Police in west suburban Oak Brook are looking two people who pointed weapons at
security guards after being caught shoplifting at Oakbrook Center mall Thursday
morning. Officers were called to the Neiman Marcus store at Oakbrook Center at
11:07 a.m. for reports of a retail theft in progress, according to a statement
from Oak Brook police. A woman entered the store, selected a purse and jacket,
then tried to leave without paying, police said. When store security confronted
her, she dropped the stolen items and pulled a large fixed-blade knife from her
purse before running away.
Fresno, CA: Fresno Police arrest 5 gang members in 2 separate robbery sprees
The five suspects, all Bulldog gang members, were arrested on robbery and
related charges tied to eight different incidents between Oct. 15 and Nov. 3,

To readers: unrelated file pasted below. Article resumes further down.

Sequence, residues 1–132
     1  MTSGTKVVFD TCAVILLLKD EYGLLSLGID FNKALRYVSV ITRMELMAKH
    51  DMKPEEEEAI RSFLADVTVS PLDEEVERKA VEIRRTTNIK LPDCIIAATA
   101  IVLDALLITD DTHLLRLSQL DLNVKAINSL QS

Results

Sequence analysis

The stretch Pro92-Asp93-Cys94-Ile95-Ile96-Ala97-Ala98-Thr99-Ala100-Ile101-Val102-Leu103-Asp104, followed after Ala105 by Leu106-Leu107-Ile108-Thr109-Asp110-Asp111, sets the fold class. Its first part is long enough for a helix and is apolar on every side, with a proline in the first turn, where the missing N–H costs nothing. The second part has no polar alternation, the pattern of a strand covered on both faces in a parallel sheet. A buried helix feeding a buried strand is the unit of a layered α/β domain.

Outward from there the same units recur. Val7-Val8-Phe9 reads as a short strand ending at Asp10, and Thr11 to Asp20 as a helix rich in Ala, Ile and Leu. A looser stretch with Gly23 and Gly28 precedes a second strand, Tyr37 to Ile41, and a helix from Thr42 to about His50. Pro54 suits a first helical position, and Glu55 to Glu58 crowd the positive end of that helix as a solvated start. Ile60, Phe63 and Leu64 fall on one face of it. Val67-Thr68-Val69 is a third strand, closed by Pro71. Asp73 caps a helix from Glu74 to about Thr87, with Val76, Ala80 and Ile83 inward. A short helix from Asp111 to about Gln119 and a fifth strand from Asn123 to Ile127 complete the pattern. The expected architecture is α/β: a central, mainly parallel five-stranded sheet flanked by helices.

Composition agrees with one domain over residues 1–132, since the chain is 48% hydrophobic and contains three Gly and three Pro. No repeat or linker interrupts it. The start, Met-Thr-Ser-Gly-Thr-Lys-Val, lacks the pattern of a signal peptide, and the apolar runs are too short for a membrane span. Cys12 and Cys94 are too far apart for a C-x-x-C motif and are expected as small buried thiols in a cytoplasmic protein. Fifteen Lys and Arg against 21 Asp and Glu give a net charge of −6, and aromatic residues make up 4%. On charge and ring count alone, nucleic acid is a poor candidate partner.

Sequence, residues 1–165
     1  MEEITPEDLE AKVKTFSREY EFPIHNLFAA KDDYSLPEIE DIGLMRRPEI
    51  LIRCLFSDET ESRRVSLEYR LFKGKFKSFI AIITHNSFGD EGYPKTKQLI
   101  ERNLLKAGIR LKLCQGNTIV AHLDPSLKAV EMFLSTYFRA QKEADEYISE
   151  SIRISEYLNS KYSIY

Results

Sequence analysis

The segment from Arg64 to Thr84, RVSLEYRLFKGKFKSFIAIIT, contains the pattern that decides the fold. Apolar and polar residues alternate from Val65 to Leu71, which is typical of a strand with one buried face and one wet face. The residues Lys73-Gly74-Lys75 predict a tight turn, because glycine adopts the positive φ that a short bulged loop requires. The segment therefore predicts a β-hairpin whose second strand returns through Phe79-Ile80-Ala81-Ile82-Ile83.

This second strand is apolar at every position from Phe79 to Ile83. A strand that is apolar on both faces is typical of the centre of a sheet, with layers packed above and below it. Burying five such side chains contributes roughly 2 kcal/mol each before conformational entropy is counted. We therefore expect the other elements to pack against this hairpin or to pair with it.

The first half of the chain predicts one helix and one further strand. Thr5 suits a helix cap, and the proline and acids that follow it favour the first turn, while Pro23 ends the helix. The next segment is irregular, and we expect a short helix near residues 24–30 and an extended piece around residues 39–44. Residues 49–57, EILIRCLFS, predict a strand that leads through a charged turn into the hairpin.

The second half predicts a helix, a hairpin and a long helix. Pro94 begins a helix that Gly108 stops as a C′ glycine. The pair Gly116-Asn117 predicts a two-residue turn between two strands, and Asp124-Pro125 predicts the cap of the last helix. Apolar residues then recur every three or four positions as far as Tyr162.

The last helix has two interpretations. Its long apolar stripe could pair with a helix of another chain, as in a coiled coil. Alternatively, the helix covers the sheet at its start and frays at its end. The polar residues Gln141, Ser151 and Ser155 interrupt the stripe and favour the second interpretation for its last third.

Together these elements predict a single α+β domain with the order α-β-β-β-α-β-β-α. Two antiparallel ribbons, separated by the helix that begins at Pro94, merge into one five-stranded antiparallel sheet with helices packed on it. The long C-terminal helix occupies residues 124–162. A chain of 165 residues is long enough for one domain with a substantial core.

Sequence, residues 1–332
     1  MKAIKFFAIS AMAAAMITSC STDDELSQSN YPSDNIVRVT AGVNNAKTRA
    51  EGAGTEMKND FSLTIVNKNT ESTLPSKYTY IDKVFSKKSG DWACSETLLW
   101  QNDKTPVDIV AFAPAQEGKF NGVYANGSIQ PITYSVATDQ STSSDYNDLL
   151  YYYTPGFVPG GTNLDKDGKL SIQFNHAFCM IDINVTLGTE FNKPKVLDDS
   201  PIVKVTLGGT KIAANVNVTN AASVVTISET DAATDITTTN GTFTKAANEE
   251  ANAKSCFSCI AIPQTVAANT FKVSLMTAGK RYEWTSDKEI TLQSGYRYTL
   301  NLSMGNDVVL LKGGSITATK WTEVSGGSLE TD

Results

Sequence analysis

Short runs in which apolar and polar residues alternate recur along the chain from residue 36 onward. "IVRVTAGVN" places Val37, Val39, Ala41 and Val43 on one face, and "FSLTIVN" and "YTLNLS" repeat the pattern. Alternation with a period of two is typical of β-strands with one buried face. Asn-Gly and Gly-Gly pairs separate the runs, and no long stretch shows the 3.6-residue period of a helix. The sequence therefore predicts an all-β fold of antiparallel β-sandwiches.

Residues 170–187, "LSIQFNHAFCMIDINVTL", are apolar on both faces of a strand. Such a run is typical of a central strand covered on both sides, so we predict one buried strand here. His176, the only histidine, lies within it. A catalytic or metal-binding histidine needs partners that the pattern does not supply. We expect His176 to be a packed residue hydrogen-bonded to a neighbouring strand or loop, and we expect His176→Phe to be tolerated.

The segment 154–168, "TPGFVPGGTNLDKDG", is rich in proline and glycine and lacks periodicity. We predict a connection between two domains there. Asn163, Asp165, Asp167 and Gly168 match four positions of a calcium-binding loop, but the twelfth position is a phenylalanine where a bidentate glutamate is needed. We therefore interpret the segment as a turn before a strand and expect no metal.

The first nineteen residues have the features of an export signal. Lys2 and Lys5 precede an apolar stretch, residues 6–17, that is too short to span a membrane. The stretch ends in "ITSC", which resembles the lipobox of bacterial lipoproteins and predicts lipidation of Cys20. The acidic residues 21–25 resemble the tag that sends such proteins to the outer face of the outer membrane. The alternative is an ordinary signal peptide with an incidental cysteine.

Fresno police Chief Jerry Dyer said.
Cargo Theft: Houston, TX Police searching for suspects in 3 Tractor Trailer
thefts from a Super 8 motel
Police are searching for suspects who allegedly stole three tractor trailers
from a motel parking lot in northeast Houston on Monday morning. The incident
occurred just before 7 a.m. Monday at a Super 8 on in northeast Houston. Police
say the driver was hauling the three trucks for delivery and stopped for the
night at Super 8. Authorities say surveillance video shows the theft occurring
around 6:40 a.m. Monday. Officials found the trucks around 11 a.m. in the 6400
block of West Little York with the tires on the trucks stolen.
FL: Authorities cracking down on counterfeit goods in Southwest Florida
Counterfeit goods are making their way into our country. They look like ordinary
packages, but they are filled with fake merchandise. Officers at the
International Mailing Center near Miami get thousands of packages every day.
They said they have seen a big increase in counterfeits in the past month
because they recently started taking in mail from China -- where a lot of